12 | 
Source : Pravachansara, 2/157  








H e, who is steeped in sensual pleasures and passions, who is given to false scriptures, evil intentions and wicked words, and who is cruel and goes astray, has an inauspicious resultant of consciousness.




  13 | 
Source : Pravachansara, 2/158  








I t is pointed out that body, mind and speech are constituted of material substances; and the material substance, in turn, is a lump of atomic substances.




  14 | 
Source : Pravachansara, 2/161  








T he soul, which is constituted of the manifestation of consciousness, conceives infatuation, attachment or aversion having obtained various objects of pleasure; so again it is bounds up with them (i.e., the passional states).




  15 | 
Source : Pravachansara, 2/175  








W hen the soul develops attachment, Karma binds; when it is without attachment, it becomes free from Karmas; know this to be in short the real description of the bondage of the soul.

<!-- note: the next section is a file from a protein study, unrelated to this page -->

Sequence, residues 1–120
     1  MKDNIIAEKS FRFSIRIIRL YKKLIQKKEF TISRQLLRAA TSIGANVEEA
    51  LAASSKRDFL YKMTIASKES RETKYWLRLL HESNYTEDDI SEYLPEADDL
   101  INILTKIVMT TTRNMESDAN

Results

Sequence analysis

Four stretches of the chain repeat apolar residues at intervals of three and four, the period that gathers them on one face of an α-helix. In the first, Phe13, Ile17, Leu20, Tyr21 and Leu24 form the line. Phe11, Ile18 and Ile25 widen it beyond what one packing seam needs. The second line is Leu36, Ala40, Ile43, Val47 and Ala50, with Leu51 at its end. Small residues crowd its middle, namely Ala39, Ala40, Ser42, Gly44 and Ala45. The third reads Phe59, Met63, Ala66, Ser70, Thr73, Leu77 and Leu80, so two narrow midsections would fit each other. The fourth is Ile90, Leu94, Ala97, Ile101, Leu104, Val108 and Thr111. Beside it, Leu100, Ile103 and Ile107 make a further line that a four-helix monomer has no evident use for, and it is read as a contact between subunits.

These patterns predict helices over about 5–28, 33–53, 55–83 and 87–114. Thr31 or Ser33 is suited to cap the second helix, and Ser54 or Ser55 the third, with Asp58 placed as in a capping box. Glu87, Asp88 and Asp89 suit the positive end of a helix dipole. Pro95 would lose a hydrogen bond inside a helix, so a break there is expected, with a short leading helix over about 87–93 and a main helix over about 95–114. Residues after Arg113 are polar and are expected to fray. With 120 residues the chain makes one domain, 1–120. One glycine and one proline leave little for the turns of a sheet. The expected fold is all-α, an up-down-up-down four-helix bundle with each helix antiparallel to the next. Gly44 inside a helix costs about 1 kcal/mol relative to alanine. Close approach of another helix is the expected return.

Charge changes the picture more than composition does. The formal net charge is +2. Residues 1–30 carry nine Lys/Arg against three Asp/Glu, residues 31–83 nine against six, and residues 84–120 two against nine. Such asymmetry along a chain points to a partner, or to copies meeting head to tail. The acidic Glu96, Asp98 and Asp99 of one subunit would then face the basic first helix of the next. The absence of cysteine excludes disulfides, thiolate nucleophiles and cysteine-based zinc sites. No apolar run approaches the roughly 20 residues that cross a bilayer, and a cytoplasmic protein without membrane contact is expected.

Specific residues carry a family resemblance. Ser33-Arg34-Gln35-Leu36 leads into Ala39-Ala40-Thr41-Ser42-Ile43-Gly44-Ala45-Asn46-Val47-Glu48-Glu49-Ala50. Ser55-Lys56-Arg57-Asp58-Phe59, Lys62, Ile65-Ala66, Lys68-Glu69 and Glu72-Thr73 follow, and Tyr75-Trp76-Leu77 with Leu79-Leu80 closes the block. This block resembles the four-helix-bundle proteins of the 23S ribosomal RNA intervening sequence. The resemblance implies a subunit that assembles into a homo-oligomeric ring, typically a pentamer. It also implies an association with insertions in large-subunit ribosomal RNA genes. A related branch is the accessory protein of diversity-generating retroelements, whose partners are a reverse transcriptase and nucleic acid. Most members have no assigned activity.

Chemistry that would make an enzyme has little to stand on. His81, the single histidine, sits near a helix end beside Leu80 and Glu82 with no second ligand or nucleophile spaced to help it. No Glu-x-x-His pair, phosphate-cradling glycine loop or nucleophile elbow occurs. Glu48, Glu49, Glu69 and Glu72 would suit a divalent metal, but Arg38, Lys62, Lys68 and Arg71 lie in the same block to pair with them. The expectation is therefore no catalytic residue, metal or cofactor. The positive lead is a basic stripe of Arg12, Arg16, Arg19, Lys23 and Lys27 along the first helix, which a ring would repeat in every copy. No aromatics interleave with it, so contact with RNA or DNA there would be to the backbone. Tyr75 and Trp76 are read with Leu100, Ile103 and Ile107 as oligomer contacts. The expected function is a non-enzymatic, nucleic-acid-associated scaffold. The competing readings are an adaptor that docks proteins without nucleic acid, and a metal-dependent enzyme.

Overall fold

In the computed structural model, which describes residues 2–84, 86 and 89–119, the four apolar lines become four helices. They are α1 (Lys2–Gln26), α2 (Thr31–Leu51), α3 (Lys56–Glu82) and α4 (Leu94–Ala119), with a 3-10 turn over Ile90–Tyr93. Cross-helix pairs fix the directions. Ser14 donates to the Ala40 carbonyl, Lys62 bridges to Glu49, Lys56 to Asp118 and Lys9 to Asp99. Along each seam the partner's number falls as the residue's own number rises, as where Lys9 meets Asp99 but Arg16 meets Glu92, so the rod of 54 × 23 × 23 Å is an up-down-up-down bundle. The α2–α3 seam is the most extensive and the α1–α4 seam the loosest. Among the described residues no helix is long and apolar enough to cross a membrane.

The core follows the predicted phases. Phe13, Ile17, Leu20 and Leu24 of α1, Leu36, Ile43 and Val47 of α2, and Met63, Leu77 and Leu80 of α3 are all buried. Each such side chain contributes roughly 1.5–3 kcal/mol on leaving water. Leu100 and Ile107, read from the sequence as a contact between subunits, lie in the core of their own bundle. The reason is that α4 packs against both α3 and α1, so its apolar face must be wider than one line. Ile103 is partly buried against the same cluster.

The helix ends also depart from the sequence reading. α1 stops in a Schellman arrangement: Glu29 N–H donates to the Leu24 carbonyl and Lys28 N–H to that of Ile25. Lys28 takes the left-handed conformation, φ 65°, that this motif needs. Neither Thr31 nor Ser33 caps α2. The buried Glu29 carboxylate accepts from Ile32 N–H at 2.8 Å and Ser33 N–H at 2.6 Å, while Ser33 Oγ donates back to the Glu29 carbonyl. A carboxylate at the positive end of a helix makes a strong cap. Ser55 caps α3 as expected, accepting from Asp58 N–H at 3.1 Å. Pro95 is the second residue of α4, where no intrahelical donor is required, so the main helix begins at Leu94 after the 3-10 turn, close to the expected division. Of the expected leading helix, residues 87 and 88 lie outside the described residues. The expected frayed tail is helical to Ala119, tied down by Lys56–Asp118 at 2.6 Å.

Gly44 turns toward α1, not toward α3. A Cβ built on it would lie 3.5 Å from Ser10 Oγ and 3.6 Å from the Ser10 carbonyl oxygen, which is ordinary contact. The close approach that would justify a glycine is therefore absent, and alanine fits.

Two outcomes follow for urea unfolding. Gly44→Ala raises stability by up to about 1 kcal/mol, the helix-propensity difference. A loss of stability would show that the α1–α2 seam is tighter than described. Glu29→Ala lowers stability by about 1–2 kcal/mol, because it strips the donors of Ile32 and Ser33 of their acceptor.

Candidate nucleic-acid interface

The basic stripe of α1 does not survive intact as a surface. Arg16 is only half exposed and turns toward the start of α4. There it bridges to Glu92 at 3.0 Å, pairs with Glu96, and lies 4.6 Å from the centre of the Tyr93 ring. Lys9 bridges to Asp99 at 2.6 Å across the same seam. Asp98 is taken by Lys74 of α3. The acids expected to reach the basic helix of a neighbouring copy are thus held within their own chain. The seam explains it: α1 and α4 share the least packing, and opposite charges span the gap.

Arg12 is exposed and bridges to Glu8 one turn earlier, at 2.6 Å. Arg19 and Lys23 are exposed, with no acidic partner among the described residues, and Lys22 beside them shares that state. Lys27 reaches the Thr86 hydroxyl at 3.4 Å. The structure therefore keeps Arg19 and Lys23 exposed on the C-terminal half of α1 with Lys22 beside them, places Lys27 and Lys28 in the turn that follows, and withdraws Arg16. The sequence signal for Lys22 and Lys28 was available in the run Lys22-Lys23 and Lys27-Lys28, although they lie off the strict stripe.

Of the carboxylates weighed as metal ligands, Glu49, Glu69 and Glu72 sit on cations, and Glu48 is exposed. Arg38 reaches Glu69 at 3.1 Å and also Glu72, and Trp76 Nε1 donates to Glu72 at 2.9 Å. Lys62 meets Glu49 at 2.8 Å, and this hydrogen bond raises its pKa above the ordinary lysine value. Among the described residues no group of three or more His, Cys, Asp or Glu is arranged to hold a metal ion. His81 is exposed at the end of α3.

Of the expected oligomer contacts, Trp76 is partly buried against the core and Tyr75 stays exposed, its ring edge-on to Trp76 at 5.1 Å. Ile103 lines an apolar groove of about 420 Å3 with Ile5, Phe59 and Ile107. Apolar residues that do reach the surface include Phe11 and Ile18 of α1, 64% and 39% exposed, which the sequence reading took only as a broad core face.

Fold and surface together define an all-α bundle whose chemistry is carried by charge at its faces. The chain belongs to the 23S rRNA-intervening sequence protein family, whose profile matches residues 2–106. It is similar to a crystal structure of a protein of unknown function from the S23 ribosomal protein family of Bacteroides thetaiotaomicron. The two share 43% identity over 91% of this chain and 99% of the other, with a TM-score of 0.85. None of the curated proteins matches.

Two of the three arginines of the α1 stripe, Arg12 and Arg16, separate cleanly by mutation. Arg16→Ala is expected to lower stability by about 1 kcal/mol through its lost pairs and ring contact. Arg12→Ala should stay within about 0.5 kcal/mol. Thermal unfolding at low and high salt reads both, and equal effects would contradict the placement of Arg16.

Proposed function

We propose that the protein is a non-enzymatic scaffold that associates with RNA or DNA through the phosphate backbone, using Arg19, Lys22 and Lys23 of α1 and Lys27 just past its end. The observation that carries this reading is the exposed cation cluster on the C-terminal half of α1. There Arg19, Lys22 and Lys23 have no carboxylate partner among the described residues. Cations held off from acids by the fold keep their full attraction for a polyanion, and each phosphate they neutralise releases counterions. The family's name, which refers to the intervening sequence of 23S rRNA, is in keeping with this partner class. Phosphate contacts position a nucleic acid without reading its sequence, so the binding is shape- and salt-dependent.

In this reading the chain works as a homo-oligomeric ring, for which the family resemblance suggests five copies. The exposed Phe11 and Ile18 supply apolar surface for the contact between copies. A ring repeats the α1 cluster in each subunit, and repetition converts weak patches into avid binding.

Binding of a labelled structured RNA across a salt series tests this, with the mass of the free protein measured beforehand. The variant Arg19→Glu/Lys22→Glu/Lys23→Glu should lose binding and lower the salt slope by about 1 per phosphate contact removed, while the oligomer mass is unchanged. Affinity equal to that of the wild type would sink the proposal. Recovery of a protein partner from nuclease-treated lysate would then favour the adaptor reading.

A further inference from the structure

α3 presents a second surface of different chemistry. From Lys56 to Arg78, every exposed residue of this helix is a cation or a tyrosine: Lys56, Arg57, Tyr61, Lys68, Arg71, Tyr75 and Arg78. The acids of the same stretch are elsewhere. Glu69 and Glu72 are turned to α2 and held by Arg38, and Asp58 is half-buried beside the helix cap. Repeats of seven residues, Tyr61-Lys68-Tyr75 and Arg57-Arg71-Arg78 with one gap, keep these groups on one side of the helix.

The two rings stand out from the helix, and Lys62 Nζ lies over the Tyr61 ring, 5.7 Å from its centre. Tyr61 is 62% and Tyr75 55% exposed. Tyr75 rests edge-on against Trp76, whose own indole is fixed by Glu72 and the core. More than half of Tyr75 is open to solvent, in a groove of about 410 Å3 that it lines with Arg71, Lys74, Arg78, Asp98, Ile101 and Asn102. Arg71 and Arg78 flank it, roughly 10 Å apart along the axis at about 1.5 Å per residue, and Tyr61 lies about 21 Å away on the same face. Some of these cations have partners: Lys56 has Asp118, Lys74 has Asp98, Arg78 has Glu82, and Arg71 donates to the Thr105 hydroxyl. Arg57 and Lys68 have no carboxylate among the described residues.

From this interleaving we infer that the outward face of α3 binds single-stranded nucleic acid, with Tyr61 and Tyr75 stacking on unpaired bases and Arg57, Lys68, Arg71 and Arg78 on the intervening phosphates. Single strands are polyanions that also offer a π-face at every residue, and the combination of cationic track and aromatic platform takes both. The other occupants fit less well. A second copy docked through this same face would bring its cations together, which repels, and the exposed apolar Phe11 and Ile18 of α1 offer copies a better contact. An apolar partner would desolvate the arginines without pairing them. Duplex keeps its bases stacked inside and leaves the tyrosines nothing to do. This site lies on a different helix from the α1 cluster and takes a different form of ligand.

16 | 
Source : Pravachansara, 2/179  








W hen the soul, under the influence of attachment or aversion develops itself into auspicious or inauspicious resultant of consciousness, the Karmic dust pours into it in the form of knowledge-obscuring etc.




  17 | 
Source : Pravachansara, 2/187  








H e, who has destroyed the knot of delusion, who has overthrown attachment and aversion and is indifferent to pleasure and pain in his condition of a Sramana, attains eternal happiness.




  18 | 
Source : Pravachansara, 2/195  








I do not belong to others, nor do others belong to me; there is nothing that is mine here; thus determined and conquering his senses, he adopts a form similar to that in which he is born (yatha-jatarupadharah).